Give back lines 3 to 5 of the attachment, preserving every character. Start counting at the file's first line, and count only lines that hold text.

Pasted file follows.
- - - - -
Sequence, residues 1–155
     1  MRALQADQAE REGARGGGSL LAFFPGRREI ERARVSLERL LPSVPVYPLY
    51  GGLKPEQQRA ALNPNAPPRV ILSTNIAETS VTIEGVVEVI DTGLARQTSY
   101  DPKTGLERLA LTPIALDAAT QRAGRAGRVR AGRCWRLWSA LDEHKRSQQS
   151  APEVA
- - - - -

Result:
    51  GGLKPEQQRA ALNPNAPPRV ILSTNIAETS VTIEGVVEVI DTGLARQTSY
   101  DPKTGLERLA LTPIALDAAT QRAGRAGRVR AGRCWRLWSA LDEHKRSQQS
   151  APEVA